In Table 3, for the total sample, in all physical performance tests, excellent test-retest analyzes are reported on the same day, the ICC fluctuated between .80 to 1.00, the lowest value for relative reliability is in Agility (ICC = .80; CI 95% = .70 - .87), and the highest values are obtained in CMJ, ABK, HGS, MBT, Sit and Reach and Shoulder Flexibility (ICC = 1.00; CI 95% = 1.00 - 1.00). About the absolute reliability, the SEM presented small values. In detail, they fluctuated from 0.14 to 0.93 cm for the Jump Tests, for HGS it was 0.37 kg, for MBT it was 0.07 m, for the Flexibility test it ranged from 0.46 to 0.55 cm, for 20 m Speed and Agility it varied from 0.46 to 0.30 s respectively, while the MDC presents adequate values. In the jumping tests it was 0.33 to 2.10 cm, HGS 0.85 kg, MBT 0.16 m, on the flexibility tests varied from 1.02 to 1.23 cm, for the 20 m Speed 1.08 s and for Agility 0.70 s. Both SEM and MDC, are higher for males compared to females, in all tests. For the case of men, the lowest results were in Agility (ICC = .77; CI 95% = .62 - .87) and the highest was in CMJ and ABK (ICC = 1.00; CI 95% = 1.00 - 1.00); finally, the women showed lowest values in 20 m Speed (ICC = .97; CI 95% = .93-.98) and were best in CMJ, ABK, MBT and Shoulder Flexibility (ICC = 1.00; CI 95% = 1.00 - 1.00). Furthermore, the Bland-Altman graphs (Figure 1) showed that the test-retest measurements have an average difference close to zero in all tests.

Figure 1
Bland-Altman graphs that show the differences with the average values of the test-retest (n = 86)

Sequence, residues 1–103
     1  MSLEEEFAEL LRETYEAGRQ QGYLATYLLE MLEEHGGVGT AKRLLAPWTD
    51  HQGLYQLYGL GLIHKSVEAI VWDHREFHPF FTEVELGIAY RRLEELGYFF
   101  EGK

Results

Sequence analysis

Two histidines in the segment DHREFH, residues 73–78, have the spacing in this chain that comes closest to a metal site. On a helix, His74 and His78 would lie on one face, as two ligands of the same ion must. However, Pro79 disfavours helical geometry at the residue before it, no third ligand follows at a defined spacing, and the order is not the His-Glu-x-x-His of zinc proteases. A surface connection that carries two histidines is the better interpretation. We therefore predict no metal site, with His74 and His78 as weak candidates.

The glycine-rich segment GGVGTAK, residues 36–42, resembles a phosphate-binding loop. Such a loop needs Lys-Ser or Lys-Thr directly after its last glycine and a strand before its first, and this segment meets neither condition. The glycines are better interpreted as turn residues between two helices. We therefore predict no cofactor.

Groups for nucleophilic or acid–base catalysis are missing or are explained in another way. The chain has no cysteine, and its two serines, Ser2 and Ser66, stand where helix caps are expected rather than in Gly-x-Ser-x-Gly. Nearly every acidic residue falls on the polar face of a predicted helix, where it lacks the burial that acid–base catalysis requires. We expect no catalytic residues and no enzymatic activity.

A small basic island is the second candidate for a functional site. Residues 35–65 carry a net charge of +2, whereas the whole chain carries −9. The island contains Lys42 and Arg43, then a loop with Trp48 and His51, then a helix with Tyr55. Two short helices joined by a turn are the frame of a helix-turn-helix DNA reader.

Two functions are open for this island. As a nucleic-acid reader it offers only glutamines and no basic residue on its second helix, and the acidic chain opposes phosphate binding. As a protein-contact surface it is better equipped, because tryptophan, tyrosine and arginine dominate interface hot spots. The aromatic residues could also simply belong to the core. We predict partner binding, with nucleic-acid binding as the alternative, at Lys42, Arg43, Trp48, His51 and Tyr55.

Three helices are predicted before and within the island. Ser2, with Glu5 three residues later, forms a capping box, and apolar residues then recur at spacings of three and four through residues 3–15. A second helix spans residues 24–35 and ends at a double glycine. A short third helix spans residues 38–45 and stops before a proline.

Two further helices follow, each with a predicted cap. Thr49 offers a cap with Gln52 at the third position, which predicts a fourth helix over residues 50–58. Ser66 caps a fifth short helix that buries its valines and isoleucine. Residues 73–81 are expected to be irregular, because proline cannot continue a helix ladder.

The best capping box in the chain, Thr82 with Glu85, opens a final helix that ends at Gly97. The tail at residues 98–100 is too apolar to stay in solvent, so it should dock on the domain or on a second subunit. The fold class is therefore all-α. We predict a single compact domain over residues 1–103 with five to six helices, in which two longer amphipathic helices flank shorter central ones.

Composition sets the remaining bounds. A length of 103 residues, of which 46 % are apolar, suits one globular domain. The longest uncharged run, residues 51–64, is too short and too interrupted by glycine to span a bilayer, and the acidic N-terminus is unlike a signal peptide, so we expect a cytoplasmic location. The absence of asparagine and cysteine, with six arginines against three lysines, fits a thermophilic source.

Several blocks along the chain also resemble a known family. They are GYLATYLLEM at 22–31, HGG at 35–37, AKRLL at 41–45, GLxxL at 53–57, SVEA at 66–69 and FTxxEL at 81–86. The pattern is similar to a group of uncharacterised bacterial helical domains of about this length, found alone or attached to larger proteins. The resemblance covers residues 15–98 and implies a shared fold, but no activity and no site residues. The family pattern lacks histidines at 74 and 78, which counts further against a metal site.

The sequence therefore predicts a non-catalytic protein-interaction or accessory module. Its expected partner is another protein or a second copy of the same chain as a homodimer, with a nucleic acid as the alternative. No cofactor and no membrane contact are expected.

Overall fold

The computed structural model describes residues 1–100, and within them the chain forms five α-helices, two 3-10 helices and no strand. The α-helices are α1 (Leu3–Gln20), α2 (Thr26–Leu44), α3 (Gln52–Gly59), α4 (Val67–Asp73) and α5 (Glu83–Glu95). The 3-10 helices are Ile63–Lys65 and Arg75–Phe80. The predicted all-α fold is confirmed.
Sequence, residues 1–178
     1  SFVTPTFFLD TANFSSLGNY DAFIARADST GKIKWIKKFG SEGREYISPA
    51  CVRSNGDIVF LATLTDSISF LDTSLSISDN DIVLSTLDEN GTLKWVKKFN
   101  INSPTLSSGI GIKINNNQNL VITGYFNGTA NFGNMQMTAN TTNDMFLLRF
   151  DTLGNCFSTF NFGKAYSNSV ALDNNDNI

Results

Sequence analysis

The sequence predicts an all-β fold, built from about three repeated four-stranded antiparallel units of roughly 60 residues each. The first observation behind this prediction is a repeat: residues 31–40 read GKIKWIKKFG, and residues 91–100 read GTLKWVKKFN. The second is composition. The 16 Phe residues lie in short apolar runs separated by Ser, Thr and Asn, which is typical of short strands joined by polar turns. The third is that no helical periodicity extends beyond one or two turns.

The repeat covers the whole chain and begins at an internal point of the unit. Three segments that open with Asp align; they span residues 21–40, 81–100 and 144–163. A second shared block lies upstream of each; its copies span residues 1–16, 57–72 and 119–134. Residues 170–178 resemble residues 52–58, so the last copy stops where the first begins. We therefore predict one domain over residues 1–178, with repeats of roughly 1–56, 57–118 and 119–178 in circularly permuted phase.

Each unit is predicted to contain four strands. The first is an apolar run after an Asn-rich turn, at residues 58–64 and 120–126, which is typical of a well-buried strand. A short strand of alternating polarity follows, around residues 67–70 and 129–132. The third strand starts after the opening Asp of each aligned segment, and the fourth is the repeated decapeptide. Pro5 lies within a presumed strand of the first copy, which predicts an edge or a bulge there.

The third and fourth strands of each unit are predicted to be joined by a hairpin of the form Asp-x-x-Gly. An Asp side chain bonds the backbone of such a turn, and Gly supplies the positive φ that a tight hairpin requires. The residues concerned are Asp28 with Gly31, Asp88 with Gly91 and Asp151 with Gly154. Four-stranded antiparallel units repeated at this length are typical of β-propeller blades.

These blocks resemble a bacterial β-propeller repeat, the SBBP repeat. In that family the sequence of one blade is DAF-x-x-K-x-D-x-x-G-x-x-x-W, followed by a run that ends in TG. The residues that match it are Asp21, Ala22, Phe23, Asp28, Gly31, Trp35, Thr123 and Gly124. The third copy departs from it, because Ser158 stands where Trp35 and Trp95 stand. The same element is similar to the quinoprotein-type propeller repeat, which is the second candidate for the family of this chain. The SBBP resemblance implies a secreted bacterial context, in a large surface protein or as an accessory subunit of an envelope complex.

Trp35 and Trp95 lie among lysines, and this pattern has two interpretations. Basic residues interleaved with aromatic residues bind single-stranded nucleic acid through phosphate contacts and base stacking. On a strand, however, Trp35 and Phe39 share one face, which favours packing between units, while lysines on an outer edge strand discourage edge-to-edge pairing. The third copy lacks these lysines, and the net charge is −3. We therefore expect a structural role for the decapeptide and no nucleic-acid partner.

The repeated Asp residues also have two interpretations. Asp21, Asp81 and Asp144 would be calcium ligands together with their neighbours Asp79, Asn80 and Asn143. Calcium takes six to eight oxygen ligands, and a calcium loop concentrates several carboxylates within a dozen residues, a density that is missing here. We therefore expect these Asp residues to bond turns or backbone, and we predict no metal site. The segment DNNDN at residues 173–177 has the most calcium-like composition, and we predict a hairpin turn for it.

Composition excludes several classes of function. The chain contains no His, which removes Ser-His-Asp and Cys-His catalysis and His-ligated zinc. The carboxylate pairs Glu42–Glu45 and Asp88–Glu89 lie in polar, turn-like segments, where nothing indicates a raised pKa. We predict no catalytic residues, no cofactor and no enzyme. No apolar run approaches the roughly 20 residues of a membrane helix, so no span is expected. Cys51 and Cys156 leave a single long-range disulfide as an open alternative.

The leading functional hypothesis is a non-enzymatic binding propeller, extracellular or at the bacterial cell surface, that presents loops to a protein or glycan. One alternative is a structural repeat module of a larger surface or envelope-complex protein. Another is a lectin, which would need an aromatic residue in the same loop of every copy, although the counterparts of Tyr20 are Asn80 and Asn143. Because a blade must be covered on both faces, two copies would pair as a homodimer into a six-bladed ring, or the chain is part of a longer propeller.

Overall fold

Bland-Altman graphs that show the differences with the average values of the test-retest (n = 86)

Note:The central continuous line represents the average differences (systematic error). The dotted lines represent the upper and lower limits of 95%.


The objective of this study was to evaluate intra-rater and intra-day test-retest reliability for physical performance tests in young Chilean tennis players. Results obtained, both in relative (ICC) and absolute (SEM and MDC) reliability, showed that the field tests to evaluate physical performance are highly reliable when carried out on the same day. The ICC of this study, in the total sample fluctuated between .80 and 1.00, a result very similar to other studies consulted with young athletes and tennis players (Vicente-Rodríguez et al., 2011), the above was achieved using low-cost elements such as manual digital chronometer, tape measure and jumping platforms.

The aforementioned was reinforced by the Bland-Altman analysis where all physical fitness tests showed an average difference of near zero, these findings are consistent with those found in similar studies on other sports groups (Stewart et al., 2014). This highlights that these tests can become a serious contribution to the planning of training, competition, and injury prevention, providing reliable ad valid data capable of identifying changes in physical performance.

In this way, these highly reliable results might be due, on the one hand, to the experience and theoretical/practical training of the evaluators, as well as to the fact that the subjects evaluated were tennis players accustomed to this kind of movement patterns due the development of their sport and training (Eriksson et al., 2015; Sekulic et al., 2017), another advantage observed from these results, can be used in future experimental studies, to consider changes, even minor ones, in the performance tests. These assumptions are relevant at practical level, knowing these values can identify effects of a training or injury prevention, especially for tennis player in the same age range similar to the present study.

The Horizontal Jump and Vertical Jumps (CMJ and ABK), showed excellent levels of absolute and relative reliability, these results are consistent with those reported by other studies (Fernández-Santos et al., 2015; Vanhelst et al., 2016), thus, these jumping test are a reliable measure for assessing the strength of young tennis players' lower limbs.